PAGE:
Acknowledging those who also served

The research for this project turned up the names of quite a few Diggers who were associated in some way with the Pakenham district, but are not honoured on our WWI memorials and rolls of honour. In many instances, further research indicated that the soldiers in question were not living in Pakenham when they enlisted, but had only settled here after the War. Others were clearly more transient members of the local community: farm hands, labourers, railway workers and a nurse, many of whom never returned to the district after the War. Seemingly, the only way their names made it onto our memorials was if someone (e.g. friends, former school mates or former employers) remembered to include them. Then there were well-established locals like Len Cook, who were rejected for overseas service with the AIF, but nonetheless did “Home Duty” in Australia. This though, did not qualify them for formal recognition. And there are the pure anomalies, such as George Anderson, who met all the “criteria” (i.e. were living locally when they enlisted; had established “roots” in the district; and served with the AIF), but whose names for some reason never made it onto a memorial.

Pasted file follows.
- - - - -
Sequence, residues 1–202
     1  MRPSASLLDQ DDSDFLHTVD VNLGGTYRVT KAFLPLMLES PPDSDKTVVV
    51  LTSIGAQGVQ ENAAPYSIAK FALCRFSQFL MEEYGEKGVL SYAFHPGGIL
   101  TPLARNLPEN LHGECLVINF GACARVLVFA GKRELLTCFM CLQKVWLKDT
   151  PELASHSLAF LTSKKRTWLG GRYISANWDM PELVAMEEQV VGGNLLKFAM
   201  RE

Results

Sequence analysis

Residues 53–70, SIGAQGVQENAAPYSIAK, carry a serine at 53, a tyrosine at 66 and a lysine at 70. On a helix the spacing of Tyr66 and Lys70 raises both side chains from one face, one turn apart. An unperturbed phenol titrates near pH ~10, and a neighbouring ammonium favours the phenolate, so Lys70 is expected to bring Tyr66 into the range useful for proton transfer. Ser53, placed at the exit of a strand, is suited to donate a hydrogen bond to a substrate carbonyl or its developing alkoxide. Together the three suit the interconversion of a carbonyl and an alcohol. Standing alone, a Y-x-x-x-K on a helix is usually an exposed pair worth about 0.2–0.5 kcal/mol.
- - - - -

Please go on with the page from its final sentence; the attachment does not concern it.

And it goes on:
Whilst out of the scope of this book, it is appropriate that these “other Diggers” are also recognised as part of the Centenary of the Armistice. To this end, this part of the website tells the stories of eight of those who also served. A number of others like them have been documented in the Narre Warren & District Family History Group’s excellent publication: “Sacrifice and Patriotism: a World War 1 Walk in Pakenham Cemetery". 


William Bruce Ronald (left) at the great Pyramids in Egypt. Bruce was one of the many soldier settlers who made Pakenham their  home after WWI. He quickly become a leading grazier, cricketer and citizen in the district. Courtesy of Bill Ronald.